I remember meeting Ray Emery for the first time during rookie training camp. He was a confident, off the charts athletic young man playing what was and to a degree still is a very white game. In his time with the Ottawa Senator’s he became a celebrity of sorts for the great things he did and the not so great things he did. If he could stop the puck, he was granted an unconditional love from all. If he won, we would turn a blind eye to the behavior that the came with the trappings of success.

Fans loved the fact that he loved to fight but I always wondered why he enjoyed it. Did he enjoy it? Was it about something that ran deeper inside him? Were there demons behind the goalie mask? Was it part of his approach in his bid to succeed? Did it fuel him to succeed and in turn become his Achilles heel?

As a Senator, he drove a white hummer which would not have been a big story if he played in the NFL or NBA, but in the NHL it just didn’t sit well with the traditionalists. Everywhere that white hummer went so to did the attention of fans and critics. The white hummer reminded us of Ottawa’s small-town identity. Many a time I wished he played in New York or Florida.

He always seemed like he was trying to find his way. He got into trouble with the team for his tattoos. I was with The New RO and we did a story on Ray getting a tattoo at a local tattoo parlor on Rideau St. The team reprimanded the station and me for the story. His dying his hair blond created a stir even though a teammate a few stalls down had tattoos and had also died his hair blond all without recourse. I am not saying the team was racist, I just think the team was not prepared for an outspoken black athlete who was trying to find his way. Ray was an athlete trying to find his way in a bid to stay true to himself. He had Mike Tyson painted on his goal mask and the argument that he supported Mike Tyson the criminal, the rapist became a hot topic. The team convinced him it would be a bad idea to wear it after just 1 game. It was not a mistake by some kid who was unaware. It wasn’t about Tyson’s criminal actions. Sadly, very few saw the connection between the challenges Tyson endured as a young man making is way to the top of his sport and the challenges Ray faced growing up with his single mom and then eventually after she re-married, growing up in a bi-racial family. Like Tyson, Ray was a competitor. Ray was fierce and unstoppable. He would not take shit from anyone who judged him. He was okay with going through the door first and getting bloodied. Not sure if he was okay with being the hero in one moment and the villain in the next. Those close to him would know better. Would his fight get the best of him? Sure…just ask the equipment man for the team in Russia he played for. Ray slugged him after being pulled from a game. The mistake was the equipment man trying to get Ray to wear a baseball cap.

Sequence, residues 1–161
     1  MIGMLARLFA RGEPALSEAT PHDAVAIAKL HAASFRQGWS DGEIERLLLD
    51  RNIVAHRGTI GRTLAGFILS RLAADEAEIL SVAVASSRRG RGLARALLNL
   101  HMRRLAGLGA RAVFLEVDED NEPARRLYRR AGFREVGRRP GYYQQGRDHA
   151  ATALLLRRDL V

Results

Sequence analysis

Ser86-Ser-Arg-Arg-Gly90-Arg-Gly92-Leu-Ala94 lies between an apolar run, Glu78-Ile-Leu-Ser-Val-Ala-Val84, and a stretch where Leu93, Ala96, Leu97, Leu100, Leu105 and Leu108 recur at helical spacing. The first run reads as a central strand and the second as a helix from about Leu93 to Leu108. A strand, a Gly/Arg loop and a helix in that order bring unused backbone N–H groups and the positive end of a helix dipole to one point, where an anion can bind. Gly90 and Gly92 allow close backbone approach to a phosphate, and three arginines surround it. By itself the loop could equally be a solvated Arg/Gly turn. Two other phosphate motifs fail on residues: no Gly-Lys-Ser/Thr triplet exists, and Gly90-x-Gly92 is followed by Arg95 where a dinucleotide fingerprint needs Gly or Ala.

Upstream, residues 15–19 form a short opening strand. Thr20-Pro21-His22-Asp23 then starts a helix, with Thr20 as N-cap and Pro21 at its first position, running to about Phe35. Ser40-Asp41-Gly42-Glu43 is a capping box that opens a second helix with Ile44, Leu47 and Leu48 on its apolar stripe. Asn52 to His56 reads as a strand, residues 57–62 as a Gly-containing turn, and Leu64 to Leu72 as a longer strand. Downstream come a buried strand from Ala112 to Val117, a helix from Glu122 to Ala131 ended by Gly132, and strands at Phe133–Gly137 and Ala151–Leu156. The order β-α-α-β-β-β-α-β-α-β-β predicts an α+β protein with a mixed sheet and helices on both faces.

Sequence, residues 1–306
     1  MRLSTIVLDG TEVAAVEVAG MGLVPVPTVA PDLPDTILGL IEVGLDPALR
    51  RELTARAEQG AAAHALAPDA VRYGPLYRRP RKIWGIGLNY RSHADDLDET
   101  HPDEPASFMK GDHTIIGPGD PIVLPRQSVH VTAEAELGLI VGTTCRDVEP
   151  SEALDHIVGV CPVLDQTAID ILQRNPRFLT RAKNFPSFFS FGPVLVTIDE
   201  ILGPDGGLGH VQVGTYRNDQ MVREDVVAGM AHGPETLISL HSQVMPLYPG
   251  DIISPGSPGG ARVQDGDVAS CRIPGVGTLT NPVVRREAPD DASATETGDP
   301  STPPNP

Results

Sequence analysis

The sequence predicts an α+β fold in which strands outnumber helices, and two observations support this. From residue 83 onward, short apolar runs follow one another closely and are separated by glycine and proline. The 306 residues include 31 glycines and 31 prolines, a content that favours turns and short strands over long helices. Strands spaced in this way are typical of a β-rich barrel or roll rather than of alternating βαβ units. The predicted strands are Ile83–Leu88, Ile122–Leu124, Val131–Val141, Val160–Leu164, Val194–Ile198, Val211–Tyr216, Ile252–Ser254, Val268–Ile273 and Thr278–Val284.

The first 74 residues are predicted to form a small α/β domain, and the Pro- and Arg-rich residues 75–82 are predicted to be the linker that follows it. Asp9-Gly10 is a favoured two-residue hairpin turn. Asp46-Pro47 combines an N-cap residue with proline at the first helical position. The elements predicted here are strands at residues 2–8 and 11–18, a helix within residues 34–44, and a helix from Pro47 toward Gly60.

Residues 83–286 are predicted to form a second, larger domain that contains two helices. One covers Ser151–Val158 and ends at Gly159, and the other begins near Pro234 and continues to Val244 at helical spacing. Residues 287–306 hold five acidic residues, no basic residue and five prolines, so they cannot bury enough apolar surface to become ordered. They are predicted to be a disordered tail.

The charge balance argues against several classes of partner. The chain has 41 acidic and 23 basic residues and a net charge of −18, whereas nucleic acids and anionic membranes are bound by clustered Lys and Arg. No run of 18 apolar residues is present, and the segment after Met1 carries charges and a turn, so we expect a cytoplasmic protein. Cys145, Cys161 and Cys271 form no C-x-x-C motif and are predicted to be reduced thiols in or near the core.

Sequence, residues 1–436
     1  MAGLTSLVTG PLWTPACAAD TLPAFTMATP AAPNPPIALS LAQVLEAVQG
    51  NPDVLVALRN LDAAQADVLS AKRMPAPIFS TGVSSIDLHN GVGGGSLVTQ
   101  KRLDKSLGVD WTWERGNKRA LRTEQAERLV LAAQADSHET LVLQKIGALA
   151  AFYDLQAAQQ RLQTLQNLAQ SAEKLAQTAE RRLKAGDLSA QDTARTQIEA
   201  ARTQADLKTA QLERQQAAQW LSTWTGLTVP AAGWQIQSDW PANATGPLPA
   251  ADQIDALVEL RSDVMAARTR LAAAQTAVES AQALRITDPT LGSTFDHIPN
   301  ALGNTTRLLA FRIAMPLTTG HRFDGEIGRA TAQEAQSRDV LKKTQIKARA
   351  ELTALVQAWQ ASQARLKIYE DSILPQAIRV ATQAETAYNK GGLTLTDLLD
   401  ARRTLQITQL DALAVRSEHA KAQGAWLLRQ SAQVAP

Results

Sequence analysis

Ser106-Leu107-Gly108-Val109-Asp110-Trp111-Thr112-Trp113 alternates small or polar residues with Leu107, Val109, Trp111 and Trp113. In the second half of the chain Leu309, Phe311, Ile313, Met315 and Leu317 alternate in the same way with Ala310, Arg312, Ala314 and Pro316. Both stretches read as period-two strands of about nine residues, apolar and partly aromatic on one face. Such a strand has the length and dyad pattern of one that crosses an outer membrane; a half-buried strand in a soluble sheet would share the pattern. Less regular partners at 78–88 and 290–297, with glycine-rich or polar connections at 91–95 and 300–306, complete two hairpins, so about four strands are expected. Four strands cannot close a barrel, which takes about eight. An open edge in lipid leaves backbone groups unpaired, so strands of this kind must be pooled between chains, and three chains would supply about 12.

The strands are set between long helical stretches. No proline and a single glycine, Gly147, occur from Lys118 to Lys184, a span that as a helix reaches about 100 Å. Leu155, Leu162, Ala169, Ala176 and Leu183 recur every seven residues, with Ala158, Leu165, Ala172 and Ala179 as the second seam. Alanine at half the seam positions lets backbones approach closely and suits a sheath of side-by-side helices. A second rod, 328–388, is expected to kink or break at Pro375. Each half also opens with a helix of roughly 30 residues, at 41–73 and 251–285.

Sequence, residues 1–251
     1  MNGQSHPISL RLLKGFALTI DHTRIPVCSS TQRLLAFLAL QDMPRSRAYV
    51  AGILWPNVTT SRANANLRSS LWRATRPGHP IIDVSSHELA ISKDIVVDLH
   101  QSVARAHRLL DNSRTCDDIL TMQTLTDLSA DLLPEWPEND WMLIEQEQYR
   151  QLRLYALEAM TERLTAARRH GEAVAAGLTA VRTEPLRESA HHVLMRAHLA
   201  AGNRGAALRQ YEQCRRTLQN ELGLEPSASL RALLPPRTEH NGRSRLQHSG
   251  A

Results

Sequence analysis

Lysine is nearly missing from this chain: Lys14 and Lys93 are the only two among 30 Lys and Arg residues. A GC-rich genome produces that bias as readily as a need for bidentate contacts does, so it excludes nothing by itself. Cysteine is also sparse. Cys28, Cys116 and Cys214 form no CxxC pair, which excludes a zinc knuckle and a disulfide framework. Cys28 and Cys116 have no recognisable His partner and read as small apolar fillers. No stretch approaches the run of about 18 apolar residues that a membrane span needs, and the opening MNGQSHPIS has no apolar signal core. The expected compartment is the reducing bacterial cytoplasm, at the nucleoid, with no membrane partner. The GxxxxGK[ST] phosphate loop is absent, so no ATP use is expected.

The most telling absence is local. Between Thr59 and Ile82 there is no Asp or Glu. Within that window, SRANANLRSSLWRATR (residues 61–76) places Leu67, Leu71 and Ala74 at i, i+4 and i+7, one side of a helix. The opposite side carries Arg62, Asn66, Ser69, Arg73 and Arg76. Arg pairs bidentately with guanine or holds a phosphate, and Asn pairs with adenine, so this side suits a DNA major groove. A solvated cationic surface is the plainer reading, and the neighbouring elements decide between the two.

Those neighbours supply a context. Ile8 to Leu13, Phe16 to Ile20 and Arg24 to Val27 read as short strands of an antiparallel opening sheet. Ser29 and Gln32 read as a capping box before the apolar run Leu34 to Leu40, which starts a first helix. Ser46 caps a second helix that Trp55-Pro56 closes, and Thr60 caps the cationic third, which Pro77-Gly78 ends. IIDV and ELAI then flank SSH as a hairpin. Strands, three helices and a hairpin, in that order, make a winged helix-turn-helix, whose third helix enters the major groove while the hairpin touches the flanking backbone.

Of all his accomplishments he will likely be remembered most (on the ice and off) for his fighting Buffalo Sabres G Martin Biron and F Andrew Peters during a line brawl in Buffalo.

So many celebrated his willingness to fight. So many had hoped for it.

Watch the video and tell me what you see?

https://www.youtube.com/watch?v=ulyEnFh9Wvo

Now answer this question. If that had been any other NHL goalie and the opposing team’s tough guy went after him would anyone, everyone have stepped in? You damn right they would have! Would guys have left the bench? You damn right they would have. I was always struck by the mere fact that no one jumped in that night in Buffalo. No one left the bench. No one stepped up to protect their goalie. Forget the argument that Ray can handle himself. That is beside the point. Goalie on goalie fights happen (much to the regret of Martin Biron) but a tough guy going after your goalie is a no-no, or at least it had been until that night. Ray puts on a brave face, a knowing smile. It was as if the moment unfolded just as he had expected. He was on his own again. If Tie Domi went after Patrick Roy what do you think would have happened? If anyone breathed on Mike Vernon or Chris Osgood in Detroit, do you think the opponent gets to pass go and collect $200? Hell no.

The sports news will play his fight video over and over again to commemorate his passing and each time I see it I will get pissed off.

As a guy who has a background in team sports, I can say that if I was on the ice, I would have jumped in and it would have taken me a fucking millisecond. If I was on the bench, I would have jumped into the fray regardless of the consequences, come hell or high water. Someone was going to get fucked up. It may be me but at least I entered the fray. I take great pride in knowing that my teammates knew I would have jumped into the fray, win, lose or if I got my ass kicked. No teammate should ever be left on his own.

As popular as he was, I always felt like Ray was on his own.

One day after a Sens practice when Ray’s star was shining its brightest, I had a brief conversation with him, a conversation that began in the elevator and then down the walkway at the rink. Ray knew I played football and I guess it garnered me some semblance of respect and some of his time.